The term ‘circular economy’ is mentioned quite often but it’s not always clear what it means. In this blog post we’ll try and make some clarity, looking at some basic circular economy practices that hospitality businesses can apply, and also at a few advanced ones.
Circular economy is a series of principles and practices that aim to solve the most pressing environmental issues of our time by changing the way we make and use products.
For the most part, our production system is linear: we extract resources from the planet, we use them to make the products we need, we use those products until they stop working or until they don’t have enough value, and finally we throw them away. The problem with this approach is that it takes away many more resources than it gives back. That in turn is causing biodiversity loss, increasing waste and pollution, and accelerating climate change. Although recycling has become a common practice, it is now clear that it won’t be able to single-handedly reverse this trend.
The idea of circular economy is to replace that straight line with a loop, with products designed to be used for longer, and then recirculated and repurposed. This framework is based on three principles:
- Eliminate waste and pollution
- Regenerate nature
- Circulate products and materials
Let’s look at how each one can be applied in a commercial kitchen.
Eliminate waste and pollution
Rather than recycling waste or finding ways to dispose of it safely, the main goal of circular economy is to eliminate it in the first place. For a foodservice business, that means first of all to minimise food waste with a few simple but effective practices.
Reduce overproduction. Quite often, commercial kitchens – such as hotels and contract caterers – are not really aware of how much food they’re wasting due to overproduction, because they don’t have an effective way to measure it. One option is to measure waste manually, but it can be challenging to do it consistently and make sense of data. A better solution is to use a food waste management system like Winnow to automate most of the process and get the insights you need to make adjustments.
Find alternatives to the trash bin. If you get to the end of the day with surplus food that you won’t be able to sell tomorrow, there are two valid alternatives to throwing it away. One is to sell it at a discounted price through an app like Too Good To Go. If your local regulations allow it, another valid option is to donate it to a food bank near you.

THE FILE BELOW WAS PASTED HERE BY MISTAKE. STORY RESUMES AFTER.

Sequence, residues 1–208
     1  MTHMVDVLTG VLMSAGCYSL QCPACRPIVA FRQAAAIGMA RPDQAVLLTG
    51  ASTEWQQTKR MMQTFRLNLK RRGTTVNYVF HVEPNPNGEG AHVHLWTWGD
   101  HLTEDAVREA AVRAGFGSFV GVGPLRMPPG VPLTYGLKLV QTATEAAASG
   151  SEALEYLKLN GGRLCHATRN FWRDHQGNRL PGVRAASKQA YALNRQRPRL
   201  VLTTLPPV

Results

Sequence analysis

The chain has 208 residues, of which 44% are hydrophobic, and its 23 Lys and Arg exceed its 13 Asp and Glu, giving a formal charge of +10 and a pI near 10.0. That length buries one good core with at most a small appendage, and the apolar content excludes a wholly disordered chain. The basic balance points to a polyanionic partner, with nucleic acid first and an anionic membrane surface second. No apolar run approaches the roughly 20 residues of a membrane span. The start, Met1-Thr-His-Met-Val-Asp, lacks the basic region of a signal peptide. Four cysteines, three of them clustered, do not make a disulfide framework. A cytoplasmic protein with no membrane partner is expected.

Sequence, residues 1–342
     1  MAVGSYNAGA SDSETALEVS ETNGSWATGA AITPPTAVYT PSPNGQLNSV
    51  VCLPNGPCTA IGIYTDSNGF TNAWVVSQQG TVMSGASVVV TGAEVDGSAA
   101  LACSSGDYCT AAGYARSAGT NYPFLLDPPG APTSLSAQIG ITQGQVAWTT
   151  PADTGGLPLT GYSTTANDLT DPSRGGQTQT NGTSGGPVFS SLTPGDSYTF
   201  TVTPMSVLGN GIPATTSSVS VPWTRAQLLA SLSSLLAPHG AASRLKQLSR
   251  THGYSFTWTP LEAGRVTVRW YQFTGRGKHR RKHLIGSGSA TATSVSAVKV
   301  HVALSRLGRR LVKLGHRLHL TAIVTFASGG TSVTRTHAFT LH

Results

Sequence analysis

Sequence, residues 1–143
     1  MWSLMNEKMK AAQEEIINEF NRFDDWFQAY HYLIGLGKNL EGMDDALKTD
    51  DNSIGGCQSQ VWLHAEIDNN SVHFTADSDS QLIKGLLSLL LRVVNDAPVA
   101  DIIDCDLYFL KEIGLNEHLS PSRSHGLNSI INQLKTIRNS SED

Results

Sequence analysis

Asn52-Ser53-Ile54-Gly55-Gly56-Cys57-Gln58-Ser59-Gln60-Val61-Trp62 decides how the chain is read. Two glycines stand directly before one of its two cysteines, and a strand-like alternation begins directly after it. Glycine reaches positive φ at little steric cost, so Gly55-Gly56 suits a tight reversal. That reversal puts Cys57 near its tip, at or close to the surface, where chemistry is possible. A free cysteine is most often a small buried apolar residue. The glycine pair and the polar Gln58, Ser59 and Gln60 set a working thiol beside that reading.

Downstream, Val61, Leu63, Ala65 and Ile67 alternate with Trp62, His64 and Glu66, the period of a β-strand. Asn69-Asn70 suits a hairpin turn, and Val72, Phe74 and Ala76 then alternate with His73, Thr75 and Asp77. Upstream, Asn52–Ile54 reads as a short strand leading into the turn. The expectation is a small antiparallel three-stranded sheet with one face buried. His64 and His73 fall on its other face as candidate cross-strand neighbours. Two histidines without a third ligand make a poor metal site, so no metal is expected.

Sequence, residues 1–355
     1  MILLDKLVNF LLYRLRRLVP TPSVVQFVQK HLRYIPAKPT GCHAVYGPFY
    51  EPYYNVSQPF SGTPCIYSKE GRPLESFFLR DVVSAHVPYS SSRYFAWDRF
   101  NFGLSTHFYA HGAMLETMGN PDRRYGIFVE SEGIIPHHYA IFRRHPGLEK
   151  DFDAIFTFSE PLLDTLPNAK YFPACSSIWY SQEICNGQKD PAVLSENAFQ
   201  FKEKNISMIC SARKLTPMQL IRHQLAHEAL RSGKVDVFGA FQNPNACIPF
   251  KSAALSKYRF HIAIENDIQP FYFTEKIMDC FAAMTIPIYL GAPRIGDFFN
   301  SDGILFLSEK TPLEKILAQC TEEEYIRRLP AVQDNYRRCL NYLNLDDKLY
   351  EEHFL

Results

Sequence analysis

Don’t throw away food scraps. Discarding parts of fruits and vegetables during the mise en place is considered physiological in most commercial kitchens. But that’s food too and should not be wasted. A skilled and creative chef will know how to include leaves, stems, rinds, and peels into the menu and salvage them from the bin.
Minimising food waste will also help eliminate pollution. However, commercial kitchens can reduce their footprint even more by working as much as possible with local suppliers.
The second principle of circular economy makes explicit reference to the use of regenerative practices in agriculture, which aim to improve soil health and reduce the use of synthetic fertilisers.
Although the main actors in this case are farmers, foodservice businesses can still contribute. Two zero-waste restaurants, Nolla in Helsinki and Silo in London, are excellent examples of how this can be done. Both only work with seasonal ingredients sourced from local farmers who use regenerative practices. Their in-house composter transforms all excess food into fertilizer which is given to suppliers to close the loop. Silo goes even further by producing as much food as possible in-house. For example, they mill their own flour to make bread and churn their own butter.
Circulate products and materials
Foodservice businesses don’t just use food, though. They also need plates, textiles, food containers, pieces of furniture and equipment. Any commercial kitchen that wants to become zero-waste will have to try and close the loop with those materials too.
The theory of circular economy Identifies two different routes for the circulation of products and materials: one for the biodegradable and one for the non-biodegradable ones. In both cases, the main goal is to design them so that they can be used multiple times, choosing upcycling before recycling whenever possible. (Food is a notable exception in the biodegradable category, in that it’s the only material that is single-use by nature.)
For example, Nolla’s tablecloths and towels were sourced from hotels and hospitals. Silo’s plates were obtained from plastic bags, tables from reconstituted food packaging, lightshades from mycelium, and crockery from crushed wine bottles.
Managing kitchen equipment correctly is also quite important. Once a piece of equipment is no longer needed or it’s broken, sending it to a landfill should never be the first option. You can either sell it to a company specialised in refurbishment or ask the manufacturer if they will take it back for spare parts.
Circular economy is more than a series of well-meaning sustainable practices. Rather, it's a new way of designing products and materials with the goal of eliminating waste and regenerating nature.
Food is a quite peculiar product. While it’s resource-intensive and biodegradable, it cannot be reused like a cotton rag. Transforming food leftovers into compost is the best way to deal with food waste, but having no leftovers in the first place is even better.
Commercial kitchens have an important role to play in the circular economy by reducing food waste as much as possible. In this blog post we outlined three lines of attack:
- Make the most of ingredients by using parts of fruits and vegetables that normally get discarded.
- Use technology to keep track of what food is wasted and why.
- When food surplus happens, find alternative ways to distribute it. The compost bin should always be the last resort.